After his loss, he still won his second world title in 1987 and then in Seoul in 1988, he ran his fastest Olympic time with a 47.56 but could only finish third. Gold went to his team-mate Andre Phillips, who had lost his previous 20 clashes to Moses in an Olympic record 47.19. He only won by inches as Amadou Ba almost caught him on the line with a 47.23 as he won Senegal’s first medal at any event.

The 1995 world champion Derrick Adkins won in Atlanta in 1996 in 47.54 with his main rival Samuel Matete of Zambia not helped by running in lane one.

Running in the inside lane didn’t stop Angelo Taylor winning in Sydney in 2000. Only in fourth place when he took the eighth hurdle, he finished strongly and edged Saudi’s Hadi Somayi by less than a foot in a PB 47.50.

In 2004 in Athens, the 2001 and 2003 world champion Felix Sanchez extended his unbeaten finals record to 36 as he won easily in 47.63 to win the Dominican Republic’s first gold medal in any sport.

Taylor regained his title in style in Beijing and improved his eight year-old PB from Sydney with a clear win in 47.25.

There was another surprise in London in 2012 as 34-year-old Sanchez, who had been eliminated in the heats in 2008 and been eighth and fourth in the next two world championships, spectacularly returned to form to win gold in 47.63 to exactly match his winning time in Athens.

Most memorable Olympic 400m hurdles: Barcelona 1992

In Barcelona in 1992, the three athletes who had finished fourth, fifth and sixth in Seoul in 1988 all advanced three places to take the medals.

There was a clear winner though in one of the greatest ever athletics performances at any event. Kevin Young destroyed his four year-old PB of 47.73 and the opposition by almost a second with a historic 46.78, which still stands unchallenged as the current world record.

After a seemingly perfect first 350 metres, it might have been faster had he not smashed the last hurdle and started his celebrations with a raised arm eight metres before the finish.

Jamaican Winthrop Graham finished second while Britain’s Kriss Akabusi finished third in a still-standing British record of 47.82.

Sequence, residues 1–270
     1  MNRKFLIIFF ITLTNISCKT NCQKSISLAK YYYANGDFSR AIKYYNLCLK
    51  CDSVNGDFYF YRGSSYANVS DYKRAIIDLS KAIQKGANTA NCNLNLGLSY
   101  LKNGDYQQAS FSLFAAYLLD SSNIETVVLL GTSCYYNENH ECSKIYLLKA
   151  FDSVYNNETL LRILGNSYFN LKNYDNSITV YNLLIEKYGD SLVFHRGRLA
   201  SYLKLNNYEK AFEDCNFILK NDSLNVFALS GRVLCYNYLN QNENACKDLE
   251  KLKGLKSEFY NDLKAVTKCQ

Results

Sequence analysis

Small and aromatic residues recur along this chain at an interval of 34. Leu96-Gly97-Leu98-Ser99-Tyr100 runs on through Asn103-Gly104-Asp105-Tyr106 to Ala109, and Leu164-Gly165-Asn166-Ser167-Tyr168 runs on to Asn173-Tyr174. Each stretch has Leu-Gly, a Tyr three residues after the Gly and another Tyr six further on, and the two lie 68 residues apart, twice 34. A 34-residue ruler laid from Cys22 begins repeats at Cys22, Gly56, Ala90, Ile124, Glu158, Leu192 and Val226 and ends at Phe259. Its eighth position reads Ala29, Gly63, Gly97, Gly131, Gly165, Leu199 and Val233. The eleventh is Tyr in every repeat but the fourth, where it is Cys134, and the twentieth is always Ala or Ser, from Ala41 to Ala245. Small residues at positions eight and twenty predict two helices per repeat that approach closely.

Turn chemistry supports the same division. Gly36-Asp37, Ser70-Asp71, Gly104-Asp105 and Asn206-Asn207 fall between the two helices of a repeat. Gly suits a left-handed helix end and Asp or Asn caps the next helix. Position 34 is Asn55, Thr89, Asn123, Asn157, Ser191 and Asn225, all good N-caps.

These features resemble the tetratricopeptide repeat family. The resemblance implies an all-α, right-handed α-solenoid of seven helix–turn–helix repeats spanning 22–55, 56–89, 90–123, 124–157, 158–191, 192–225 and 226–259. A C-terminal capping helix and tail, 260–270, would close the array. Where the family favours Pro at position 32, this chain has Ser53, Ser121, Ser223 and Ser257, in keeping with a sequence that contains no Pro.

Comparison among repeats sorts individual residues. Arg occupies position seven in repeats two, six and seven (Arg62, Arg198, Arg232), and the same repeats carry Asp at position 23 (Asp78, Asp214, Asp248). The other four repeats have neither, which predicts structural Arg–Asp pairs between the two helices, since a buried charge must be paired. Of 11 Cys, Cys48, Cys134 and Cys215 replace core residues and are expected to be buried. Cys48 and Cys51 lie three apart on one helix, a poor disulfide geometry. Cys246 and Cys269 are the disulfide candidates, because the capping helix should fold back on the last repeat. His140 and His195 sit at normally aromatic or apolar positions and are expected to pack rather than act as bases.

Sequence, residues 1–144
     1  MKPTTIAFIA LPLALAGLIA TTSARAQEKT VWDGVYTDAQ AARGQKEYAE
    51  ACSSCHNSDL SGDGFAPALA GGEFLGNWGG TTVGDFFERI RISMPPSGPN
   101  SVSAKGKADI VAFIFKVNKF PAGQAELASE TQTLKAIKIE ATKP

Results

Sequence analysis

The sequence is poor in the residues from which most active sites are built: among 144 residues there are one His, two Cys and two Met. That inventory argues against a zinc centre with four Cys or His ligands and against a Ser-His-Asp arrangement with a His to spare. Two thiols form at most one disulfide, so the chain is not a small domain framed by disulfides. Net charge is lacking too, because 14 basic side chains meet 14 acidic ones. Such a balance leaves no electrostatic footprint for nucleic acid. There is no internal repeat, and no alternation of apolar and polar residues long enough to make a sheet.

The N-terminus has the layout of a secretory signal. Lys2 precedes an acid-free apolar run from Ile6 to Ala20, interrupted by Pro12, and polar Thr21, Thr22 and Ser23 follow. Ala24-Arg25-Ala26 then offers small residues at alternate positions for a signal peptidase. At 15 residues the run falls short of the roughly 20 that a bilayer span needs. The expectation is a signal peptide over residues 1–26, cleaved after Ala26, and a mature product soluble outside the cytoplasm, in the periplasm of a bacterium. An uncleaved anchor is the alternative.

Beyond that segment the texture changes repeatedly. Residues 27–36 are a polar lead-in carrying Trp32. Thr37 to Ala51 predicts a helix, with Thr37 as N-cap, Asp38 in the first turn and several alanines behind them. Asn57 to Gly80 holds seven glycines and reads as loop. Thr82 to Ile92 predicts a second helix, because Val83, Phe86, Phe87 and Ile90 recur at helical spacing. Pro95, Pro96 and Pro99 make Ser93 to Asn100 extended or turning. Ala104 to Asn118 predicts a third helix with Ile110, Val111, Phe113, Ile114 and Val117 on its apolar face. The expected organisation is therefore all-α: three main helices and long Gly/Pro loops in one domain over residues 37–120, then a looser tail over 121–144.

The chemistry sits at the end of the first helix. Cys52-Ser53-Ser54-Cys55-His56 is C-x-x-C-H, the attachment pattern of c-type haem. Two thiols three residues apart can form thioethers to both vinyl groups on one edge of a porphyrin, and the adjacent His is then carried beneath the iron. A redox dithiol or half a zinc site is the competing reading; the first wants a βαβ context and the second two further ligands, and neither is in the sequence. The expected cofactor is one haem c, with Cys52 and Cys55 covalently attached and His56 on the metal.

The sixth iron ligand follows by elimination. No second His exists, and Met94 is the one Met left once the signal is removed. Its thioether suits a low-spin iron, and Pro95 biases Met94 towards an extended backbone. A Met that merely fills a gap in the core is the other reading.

Future world champion Stephane Diagana finished fourth in 48.13.

British successes

Jimmy Tremeer won Britain’s first medal – a bronze in London in 1908.

Lord David Burghley took UK’s first title at Amsterdam in 1928 with an Olympic record of 53.4 as world record-holder Morgan Taylor finished third.

Burghley later became an MP and was then British Athletics president and IAAF president for 30 years.

Britain had to wait 36 years for its next medal as John Cooper took silver in Tokyo in 1964.

In the altitude of Mexico in 1968, David Hemery destroyed the opposition with a world record 48.1. John Sherwood, husband of long jump medallist Sheila, picked up a surprise bronze.

In Munich in 1972, Hemery went through 200m in a much faster 22.8 but faded to third as he was beaten comfortably by Akii-Bua.

Britain was expected to have medal chances in Montreal in 1976 as Alan Pascoe was world no.1 in 1975. However after injury, he wasn’t at his best in Canada and after trying to match Moses, he faded to last.

The UK made it five medals in five games in 1980 though as unheralded Gary Oakes benefitted from the boycott to snatch a bronze in 49.11.

Britain’s only other medal came in Barcelona through Kriss Akabusi.

» Check out editions of Athletics Weekly magazine from September 24, 2015, for more from our ‘Countdown to Rio’ series

» For the full Olympic history: Men’s 400m hurdles feature, including a complete list of medallists and further facts and stats, see the February 11, 2016, edition of AW magazine